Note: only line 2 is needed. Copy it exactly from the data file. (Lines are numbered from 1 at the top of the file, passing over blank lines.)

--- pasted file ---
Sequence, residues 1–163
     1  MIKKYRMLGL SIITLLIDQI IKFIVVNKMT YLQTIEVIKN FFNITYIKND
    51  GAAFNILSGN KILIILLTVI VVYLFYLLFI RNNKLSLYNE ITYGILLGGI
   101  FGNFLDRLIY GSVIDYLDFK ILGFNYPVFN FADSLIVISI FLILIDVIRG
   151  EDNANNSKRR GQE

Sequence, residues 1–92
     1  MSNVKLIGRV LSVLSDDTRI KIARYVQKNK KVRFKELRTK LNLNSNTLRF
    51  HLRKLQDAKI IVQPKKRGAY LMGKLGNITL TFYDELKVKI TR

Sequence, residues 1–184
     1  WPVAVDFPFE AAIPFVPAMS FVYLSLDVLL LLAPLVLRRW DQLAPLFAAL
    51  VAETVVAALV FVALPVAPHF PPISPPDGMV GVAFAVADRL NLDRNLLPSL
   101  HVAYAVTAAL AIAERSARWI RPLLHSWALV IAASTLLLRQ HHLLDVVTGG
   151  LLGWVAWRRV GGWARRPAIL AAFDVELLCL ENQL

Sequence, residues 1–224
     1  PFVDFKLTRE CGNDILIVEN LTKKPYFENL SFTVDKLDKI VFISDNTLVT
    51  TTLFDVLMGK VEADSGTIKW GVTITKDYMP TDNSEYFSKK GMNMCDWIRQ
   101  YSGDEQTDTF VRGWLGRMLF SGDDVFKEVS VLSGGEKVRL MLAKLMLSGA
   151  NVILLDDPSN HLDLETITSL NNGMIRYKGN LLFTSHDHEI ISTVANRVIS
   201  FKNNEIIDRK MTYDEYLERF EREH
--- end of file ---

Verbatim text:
     1  MIKKYRMLGL SIITLLIDQI IKFIVVNKMT YLQTIEVIKN FFNITYIKND